Working with goals in counselling and psychotherapy provides a detailed guide to using goals in clinical practice, and the empirical and theoretical foundations for this work. ...
Working with goals in counselling and psychotherapy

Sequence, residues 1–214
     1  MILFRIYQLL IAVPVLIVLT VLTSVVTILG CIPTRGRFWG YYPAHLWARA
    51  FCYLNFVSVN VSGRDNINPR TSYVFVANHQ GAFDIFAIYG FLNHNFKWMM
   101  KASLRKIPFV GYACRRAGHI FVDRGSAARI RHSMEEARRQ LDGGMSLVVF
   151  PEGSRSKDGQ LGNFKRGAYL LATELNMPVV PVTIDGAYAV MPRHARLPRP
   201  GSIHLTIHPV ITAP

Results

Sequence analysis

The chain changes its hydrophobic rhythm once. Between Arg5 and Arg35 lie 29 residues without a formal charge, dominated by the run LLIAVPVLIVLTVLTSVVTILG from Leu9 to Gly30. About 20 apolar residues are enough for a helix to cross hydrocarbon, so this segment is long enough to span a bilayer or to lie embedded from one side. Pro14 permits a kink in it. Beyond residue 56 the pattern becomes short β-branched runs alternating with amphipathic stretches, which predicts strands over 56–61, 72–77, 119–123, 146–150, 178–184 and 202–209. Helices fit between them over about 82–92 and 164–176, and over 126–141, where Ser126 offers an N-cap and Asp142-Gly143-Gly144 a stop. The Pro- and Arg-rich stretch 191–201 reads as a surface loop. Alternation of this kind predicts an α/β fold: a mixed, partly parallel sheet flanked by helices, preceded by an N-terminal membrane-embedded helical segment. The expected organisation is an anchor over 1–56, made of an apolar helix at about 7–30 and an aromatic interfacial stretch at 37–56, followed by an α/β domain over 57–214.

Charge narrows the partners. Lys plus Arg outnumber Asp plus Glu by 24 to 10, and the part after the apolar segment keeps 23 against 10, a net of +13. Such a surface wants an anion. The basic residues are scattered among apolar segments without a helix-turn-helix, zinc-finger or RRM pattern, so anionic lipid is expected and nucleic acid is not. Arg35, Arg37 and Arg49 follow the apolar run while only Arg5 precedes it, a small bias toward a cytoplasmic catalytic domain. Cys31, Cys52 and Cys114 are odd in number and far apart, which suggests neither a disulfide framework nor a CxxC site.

provides a detailed guide to using goals in clinical practice, and the empirical and theoretical foundations for this work. The book is aimed at psychologists, psychotherapists, and counsellors of all orientations—both in training and in practice—who work with adults and/or with children and young people. The introduction to the book defines goals, looks at their development, and discusses the rationale for, and challenges of, goal-oriented practice. Chapter 2 explores philosophical perspectives on goals, critically examining the relevance of these ideas to therapeutic practice. Chapter 3 extends this by looking at the psychological evidence on goals and goal-setting, examining its relationship to emotions and wellbeing, and the dimensions along which goals can vary. The following chapter, written by service users, presents their perspective on working with goals: why they may find it helpful, what they want from it, and what they see as the challenges. Chapter 5 reviews the evidence on goal consensus and therapeutic outcomes; and this is followed by a review of the different measures that can be used for goal monitoring and feedback (Chapter 6). Chapters 7 and 8 focus specifically on clinical practice: identifying effective strategies for goal-setting; and for working with goals across the therapeutic encounter. Goal-oriented practices are then considered in relation to the principle therapeutic orientations (Chapter 9). The book concludes with the analogy of therapy as a ‘journey of discovery’ (Chapter 10), with the client’s individual goals setting the direction for travel.Less